What Are The Cons Of A Salt Water Pool? [Updated!]

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After months of waiting, the moment of truth has arrived. You’ve decided to invest in a salt water pool. Congrats! But before you start pouring money into this luxurious amenity, it’s important to know what are the cons of a salt water pool. Is it really worth the extra money? Let’s take a look.

More Work

Believe it or not, plumbing a salt water pool is not as easy as it seems. As a DIYer, you’ll be required to do some research and find the proper tools for the job. If you’re inexperienced or unprepared, the task can become pretty challenging. Some people even recommend hiring a professional plumber to do the job for you. If you plan on doing this yourself, you should do some research into the subject and learn as much as you can before starting. Knowing how to plumb a salt water pool will increase your chances of having a trouble-free experience the first time around. When it comes to keeping your pool clean, you’ll have to remember to do regular water changes and clean it yourself with a water hose. Another important point to make is that the equipment used for plumbing a salt water pool is very expensive. If you plan on doing this project yourself, it would be wise to invest in these items beforehand.

Noise

You’ve decided to spend a fortune on a salt water pool and you’re not willing to sacrifice the quality of your life just to save a few dollars. What you need is absolute quiet. The sound of trickling water and birds chirping is preferable to continuous noises such as driving cars, planes, or trains. If you really want to be surrounded by nature, you should consider installing a pool with a fountain feature. You’ll be able to enjoy a peaceful moment in your backyard while drinking fountain water. You might also want to look into soundproofing the area where the water flows. Noisy pipes can be a cause of continuous stress and anxiety, especially if you have pets or small children around the house. When you hear water running in the background while talking on the phone, it can be pretty disturbing. If you really want a stress-free experience, it’s best to invest in a pool with a fountain feature and some noise-reducing appliances or fixtures.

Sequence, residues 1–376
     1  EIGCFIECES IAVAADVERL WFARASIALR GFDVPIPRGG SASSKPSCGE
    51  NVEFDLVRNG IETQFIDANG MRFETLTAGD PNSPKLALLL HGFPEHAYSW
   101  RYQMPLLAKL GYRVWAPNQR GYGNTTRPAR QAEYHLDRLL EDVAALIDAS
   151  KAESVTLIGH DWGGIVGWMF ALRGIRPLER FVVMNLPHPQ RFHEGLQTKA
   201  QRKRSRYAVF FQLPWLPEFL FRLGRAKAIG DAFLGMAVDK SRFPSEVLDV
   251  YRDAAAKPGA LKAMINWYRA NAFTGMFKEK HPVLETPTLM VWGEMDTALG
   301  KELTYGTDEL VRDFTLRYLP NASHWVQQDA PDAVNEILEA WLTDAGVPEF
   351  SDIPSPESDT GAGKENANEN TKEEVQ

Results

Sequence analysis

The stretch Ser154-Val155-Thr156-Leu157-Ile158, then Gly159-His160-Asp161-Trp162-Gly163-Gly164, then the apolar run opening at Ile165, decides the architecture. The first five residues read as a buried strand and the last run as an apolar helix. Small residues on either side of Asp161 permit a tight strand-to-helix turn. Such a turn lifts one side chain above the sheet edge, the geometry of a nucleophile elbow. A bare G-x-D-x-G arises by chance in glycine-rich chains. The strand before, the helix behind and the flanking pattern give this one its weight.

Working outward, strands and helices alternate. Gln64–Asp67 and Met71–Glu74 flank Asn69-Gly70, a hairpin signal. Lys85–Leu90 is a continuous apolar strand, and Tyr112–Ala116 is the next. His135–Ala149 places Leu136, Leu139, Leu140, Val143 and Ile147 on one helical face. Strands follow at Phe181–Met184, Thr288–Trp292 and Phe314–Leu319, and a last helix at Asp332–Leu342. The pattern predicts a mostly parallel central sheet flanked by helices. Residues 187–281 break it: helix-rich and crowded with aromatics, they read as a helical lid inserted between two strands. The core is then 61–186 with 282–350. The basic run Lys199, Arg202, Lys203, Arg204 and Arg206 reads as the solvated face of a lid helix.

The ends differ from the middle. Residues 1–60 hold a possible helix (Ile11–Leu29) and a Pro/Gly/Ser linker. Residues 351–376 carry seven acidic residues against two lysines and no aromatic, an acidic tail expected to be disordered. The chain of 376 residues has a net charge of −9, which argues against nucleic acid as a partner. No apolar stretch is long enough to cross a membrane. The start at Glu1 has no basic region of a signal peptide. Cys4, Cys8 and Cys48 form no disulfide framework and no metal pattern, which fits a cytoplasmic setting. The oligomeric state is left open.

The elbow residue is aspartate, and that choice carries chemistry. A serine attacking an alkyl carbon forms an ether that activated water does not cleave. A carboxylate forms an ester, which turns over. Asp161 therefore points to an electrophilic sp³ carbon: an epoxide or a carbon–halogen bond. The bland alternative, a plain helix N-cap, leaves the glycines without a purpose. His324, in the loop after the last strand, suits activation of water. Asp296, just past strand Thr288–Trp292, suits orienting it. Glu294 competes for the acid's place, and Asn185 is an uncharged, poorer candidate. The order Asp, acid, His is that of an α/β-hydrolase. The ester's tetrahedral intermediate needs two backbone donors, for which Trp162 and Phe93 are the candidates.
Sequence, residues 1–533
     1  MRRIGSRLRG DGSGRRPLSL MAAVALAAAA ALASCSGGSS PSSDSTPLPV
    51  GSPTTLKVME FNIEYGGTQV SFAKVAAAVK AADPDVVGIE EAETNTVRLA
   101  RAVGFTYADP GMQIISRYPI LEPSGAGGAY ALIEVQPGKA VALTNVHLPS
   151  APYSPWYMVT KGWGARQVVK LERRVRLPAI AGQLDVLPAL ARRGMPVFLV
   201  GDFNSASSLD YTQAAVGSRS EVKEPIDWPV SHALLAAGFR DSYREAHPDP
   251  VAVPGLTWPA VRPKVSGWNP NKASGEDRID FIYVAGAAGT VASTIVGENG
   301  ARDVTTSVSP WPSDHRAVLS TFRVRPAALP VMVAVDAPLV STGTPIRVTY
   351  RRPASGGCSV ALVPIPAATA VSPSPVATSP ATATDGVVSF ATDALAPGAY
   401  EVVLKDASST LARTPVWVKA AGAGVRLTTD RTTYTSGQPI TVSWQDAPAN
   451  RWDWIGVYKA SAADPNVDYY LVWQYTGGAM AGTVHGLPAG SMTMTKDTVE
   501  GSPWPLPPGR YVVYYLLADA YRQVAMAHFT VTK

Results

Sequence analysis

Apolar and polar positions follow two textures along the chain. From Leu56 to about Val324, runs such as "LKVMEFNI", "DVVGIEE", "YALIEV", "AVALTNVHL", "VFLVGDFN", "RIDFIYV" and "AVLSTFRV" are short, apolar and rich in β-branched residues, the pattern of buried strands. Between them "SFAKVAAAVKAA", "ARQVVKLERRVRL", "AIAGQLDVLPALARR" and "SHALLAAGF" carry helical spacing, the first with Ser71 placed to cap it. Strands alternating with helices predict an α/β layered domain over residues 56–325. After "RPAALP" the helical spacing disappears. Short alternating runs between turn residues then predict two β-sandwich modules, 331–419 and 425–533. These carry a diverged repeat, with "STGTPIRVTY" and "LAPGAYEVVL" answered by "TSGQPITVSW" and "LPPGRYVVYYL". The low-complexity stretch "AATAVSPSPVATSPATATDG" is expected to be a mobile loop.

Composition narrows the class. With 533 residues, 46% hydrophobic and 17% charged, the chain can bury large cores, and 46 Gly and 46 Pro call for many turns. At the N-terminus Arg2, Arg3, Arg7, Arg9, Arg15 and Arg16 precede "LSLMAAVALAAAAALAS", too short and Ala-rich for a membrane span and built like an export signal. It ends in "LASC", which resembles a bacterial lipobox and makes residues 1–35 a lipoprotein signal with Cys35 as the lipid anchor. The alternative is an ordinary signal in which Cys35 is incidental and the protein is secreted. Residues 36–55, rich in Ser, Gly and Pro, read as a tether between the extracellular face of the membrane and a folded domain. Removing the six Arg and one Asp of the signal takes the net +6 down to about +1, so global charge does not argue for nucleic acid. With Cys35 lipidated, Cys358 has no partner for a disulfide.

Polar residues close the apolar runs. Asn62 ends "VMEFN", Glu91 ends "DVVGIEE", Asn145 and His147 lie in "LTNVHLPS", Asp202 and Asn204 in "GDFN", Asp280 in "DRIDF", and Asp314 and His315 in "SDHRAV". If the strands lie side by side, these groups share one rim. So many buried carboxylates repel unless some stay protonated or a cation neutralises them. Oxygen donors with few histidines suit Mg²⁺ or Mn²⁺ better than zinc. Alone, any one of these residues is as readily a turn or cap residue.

Size

It’s a basic tenet of home design that bigger is better. When it comes to your pool, bigger is not always better. Bigger is more expensive. It takes up more room. It’s more difficult to maintain. It causes more damage in case of an accident. Bigger takes up more space, which means you’ll have to give up more room in your home. If you have kids or an elderly relative living with you, bigger is definitely not the way to go. Your pool should be as peaceful and uncluttered as possible. The last thing you want is for your kids to be playing in the water and knocking things over. If you have a small pool, it will be easy to maintain and clean. You can also fit more furniture and enhance the aesthetic appeal of your outdoor space. For larger pools, you may want to think about an outdoor shower so you can wash off after relaxing in the pool.

When it comes to choosing the right type of swimming pool for your needs and lifestyle, it’s important to consider the above points. Do you want to spend a fortune? Are you willing to make the necessary compromises? Bigger is not always better when it comes to your pool. Think about what’s important to you and make a list of pros and cons. Then, you can decide whether or not to invest in this luxurious amenity. Good luck!

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